Tip #2: Bring a Wing Container. When you walk up to the crowded tables, the servers hand you a wing or 2 in a small paper serving dish, but once you’re done eating, you have to search about for a garbage can to toss away the bones before moving to the next table. I tried reusing my paper dish a few times, but it didn’t work well. A number of smart attendees, clearly veterans of fests past, brought their own large plastic bowls or containers. Those with a height advantage simply reached over the crowds with their bowls while servers dutifully dropped wings inside, like passing out candy at Halloween. Smart folks!
Tip #3: Bring Paper Towels. Sure, there were paper towels provided, but when you’re stuck in the middle of the crowd, chowing near the the garbage cans, you need to clean yourself up. And frequently. I wound up begging for napkins from those who brought their own, and they happily shared, but you might want to bring some for yourself.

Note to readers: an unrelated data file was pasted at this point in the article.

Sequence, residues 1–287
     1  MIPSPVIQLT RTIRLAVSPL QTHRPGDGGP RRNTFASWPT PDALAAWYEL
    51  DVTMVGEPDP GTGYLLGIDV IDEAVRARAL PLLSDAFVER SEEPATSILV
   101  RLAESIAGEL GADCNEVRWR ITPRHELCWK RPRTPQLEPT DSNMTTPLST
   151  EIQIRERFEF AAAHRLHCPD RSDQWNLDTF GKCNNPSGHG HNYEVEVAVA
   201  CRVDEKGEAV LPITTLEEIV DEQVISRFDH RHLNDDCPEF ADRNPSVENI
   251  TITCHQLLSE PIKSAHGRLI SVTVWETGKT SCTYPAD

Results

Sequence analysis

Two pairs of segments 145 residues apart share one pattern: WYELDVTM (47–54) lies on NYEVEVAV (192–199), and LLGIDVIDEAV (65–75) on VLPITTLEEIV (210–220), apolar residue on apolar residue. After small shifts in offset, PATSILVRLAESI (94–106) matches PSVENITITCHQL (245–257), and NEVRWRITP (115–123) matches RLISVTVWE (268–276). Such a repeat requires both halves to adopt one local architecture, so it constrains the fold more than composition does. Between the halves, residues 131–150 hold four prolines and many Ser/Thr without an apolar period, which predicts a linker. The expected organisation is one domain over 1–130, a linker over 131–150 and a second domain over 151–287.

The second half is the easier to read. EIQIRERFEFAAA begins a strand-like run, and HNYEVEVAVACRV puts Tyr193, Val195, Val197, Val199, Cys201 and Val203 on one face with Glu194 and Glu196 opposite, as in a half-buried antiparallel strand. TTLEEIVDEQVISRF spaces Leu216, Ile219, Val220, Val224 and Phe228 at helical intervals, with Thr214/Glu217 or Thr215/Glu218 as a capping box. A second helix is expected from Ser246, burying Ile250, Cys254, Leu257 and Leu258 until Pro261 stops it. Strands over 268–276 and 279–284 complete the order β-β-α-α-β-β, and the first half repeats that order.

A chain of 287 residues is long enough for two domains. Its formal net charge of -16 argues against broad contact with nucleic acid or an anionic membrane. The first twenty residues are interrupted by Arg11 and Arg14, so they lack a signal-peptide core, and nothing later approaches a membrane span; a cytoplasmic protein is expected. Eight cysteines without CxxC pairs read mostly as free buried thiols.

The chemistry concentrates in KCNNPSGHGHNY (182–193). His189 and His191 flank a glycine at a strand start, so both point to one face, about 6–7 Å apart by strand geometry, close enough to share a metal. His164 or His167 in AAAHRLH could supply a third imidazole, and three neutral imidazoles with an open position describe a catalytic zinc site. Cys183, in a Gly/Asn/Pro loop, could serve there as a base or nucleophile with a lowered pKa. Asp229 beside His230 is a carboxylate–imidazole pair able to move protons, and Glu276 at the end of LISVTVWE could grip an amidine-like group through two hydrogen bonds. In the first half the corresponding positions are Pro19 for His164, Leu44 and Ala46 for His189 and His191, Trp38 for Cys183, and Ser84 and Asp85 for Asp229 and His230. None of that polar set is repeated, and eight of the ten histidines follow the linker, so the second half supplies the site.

Tip #4: You Can’t Take it With You. I count this as advice because, for reasons beyond me, I saw multiple people stopped at the door trying to carry through large plastic baggies jammed with hot wings. Don’t they know wings don’t reheat very well? Were they bringing them home for the family to share? Were they saving them for lunch during the week? I have no idea, but keep this in mind. Fill up your bellies inside, or find a way to hide your bag at a minimum, though I do not condone the swiping of hot wings.
This guy embodies the spirit of Chicago WingFest. Note the Tyvek suit, towel for hand wiping, and large plastic container able to accommodate a number of chicken wings, allowing for hands-free eating, which also helps when drinking beer. This man is an obvious veteran.
If you’e like to learn more about the Chicago WingFest: http://wingfest.net